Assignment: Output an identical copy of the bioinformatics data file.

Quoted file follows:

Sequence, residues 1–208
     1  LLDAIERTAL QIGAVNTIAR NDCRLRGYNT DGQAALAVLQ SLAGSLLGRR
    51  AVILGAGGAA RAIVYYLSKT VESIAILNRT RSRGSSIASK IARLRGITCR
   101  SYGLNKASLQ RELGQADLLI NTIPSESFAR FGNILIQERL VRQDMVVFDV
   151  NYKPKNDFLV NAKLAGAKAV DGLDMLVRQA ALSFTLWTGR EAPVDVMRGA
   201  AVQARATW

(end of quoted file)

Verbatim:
Sequence, residues 1–208
     1  LLDAIERTAL QIGAVNTIAR NDCRLRGYNT DGQAALAVLQ SLAGSLLGRR
    51  AVILGAGGAA RAIVYYLSKT VESIAILNRT RSRGSSIASK IARLRGITCR
   101  SYGLNKASLQ RELGQADLLI NTIPSESFAR FGNILIQERL VRQDMVVFDV
   151  NYKPKNDFLV NAKLAGAKAV DGLDMLVRQA ALSFTLWTGR EAPVDVMRGA
   201  AVQARATW